Silus sighed. "Well then, we will find her and will return her to you. Either way, dead or alive, if we find her, we will return her to your ship. You will wait?"
Chakotay nodded. "What if you aren�t successful .. with your controlled agitation?"
Silus just smiled knowingly. "Never sell your enemy the very best that you have. Always retain something up the sleeve! We will be successful, Captain."
"I walked a mile with Pleasure; She
chattered all the way
I walked a mile with Sorrow and ne�er a word
Seven finished analysing the data, saved the work then closed the file. She was done for today, having already worked well into the next shift. But now she would work no more. Now the time was hers to do with as she wished and she simply chose to stand and gaze up at the screen in astrometrics, letting her mind drift back to events that had so changed her, so forced her to come to painful terms with her humanity.
The loss of Captain Kathryn Janeway had quite simply, and quite unexpectedly, ripped her apart.
Seven could never again be seen as the apparent unemotional, arrogant woman she had been those months ago. Grief had held her in its hand and squeezed her tight almost until the life�s breath went out of her. Then, at the bleakest moment, she had discovered comfort in those around her. The crew of Voyager, themselves bereft, had quickly identified how the loss was affecting her, then reached out to her in the most unexpected ways, their compassion and tenderness reminding her so much of the one she had lost. The almost nostalgic d�j� vu allowed her to acknowledge the help they so freely gave and in doing so, welcomed her forever into the human fold.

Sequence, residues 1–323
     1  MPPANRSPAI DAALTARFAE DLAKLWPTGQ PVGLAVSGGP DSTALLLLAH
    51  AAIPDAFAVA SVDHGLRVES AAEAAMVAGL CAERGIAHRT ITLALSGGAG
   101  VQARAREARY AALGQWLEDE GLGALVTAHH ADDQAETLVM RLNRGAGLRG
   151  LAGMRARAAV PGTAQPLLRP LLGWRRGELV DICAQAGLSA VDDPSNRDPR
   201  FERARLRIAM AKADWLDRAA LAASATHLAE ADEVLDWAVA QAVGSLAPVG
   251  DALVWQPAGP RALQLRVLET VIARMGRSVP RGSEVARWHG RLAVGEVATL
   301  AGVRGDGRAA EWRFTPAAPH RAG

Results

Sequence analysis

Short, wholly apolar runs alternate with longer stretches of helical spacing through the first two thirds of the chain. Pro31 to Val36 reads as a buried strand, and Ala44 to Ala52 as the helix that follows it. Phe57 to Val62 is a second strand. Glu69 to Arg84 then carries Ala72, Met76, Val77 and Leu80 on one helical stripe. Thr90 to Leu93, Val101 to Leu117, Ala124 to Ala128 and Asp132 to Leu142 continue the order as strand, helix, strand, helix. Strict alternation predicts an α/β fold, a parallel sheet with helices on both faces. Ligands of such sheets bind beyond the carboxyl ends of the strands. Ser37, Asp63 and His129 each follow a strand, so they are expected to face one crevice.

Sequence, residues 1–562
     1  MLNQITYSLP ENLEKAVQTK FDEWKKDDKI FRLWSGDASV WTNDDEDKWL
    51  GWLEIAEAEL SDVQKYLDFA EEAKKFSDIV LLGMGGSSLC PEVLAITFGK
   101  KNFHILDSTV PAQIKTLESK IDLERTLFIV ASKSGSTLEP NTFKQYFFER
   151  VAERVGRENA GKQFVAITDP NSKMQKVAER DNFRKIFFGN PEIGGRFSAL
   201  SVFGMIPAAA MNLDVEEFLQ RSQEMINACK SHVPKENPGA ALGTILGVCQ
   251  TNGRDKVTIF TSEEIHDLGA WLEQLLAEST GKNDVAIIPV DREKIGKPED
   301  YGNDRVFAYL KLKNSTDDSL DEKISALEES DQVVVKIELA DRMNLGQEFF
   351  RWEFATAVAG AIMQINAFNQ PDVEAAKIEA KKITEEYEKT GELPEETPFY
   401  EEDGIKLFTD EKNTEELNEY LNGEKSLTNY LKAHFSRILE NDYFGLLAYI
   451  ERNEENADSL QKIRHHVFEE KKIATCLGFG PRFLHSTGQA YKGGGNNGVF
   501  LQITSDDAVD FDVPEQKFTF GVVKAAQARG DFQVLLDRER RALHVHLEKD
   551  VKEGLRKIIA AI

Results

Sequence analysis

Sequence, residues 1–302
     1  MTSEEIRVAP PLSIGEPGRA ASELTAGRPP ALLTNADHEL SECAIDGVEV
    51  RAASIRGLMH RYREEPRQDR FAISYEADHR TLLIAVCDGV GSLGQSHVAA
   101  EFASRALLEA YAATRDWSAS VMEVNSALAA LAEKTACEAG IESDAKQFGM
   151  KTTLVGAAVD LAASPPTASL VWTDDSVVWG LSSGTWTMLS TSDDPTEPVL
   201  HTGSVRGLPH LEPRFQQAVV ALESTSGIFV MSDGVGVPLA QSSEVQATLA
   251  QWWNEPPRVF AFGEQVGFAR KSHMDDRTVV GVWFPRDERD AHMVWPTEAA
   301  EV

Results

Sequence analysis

She felt again what Paris had so rightly termed �the lump in the throat�, and sensed the threat of tears returning. This emotion called �grief� was apparently normal and yet so highly personal a response to loss. Seven analysed her situation. Grief was neither illness nor a pathological condition but a natural process that could lead to healing and personal growth. Seven grimly smiled at the thought �personal growth�. How proud Captain Janeway would have been of her now, to see how much Seven had grown and adapted to humanity.
Except the Captain wasn�t here to see it! Seven felt the tears again well up in her eyes, the now familiar stinging sensation returning.
How ironic that it was the Captain�s death and grief, which had given Seven the doorway to all of this. In such a short time, Seven had experienced a full gambit of emotional data first hand, finding also true friendship with so many crew. Seven now appreciated Janeway�s sage advice that often you had only to ask for help, that others were ready to reach out but often hesitated for fear of interfering or rejection.
Gentle Chakotay! He had been there to catch her when Janeway�s loss had caught her totally unprepared, had knocked her off balance and shaken her to the core. It had all been painful beyond words. Physically. Emotionally. She had realised then how fragile and vulnerable she really was, still was. She was still working her way through the pain � and the immense heavy weight of her guilt.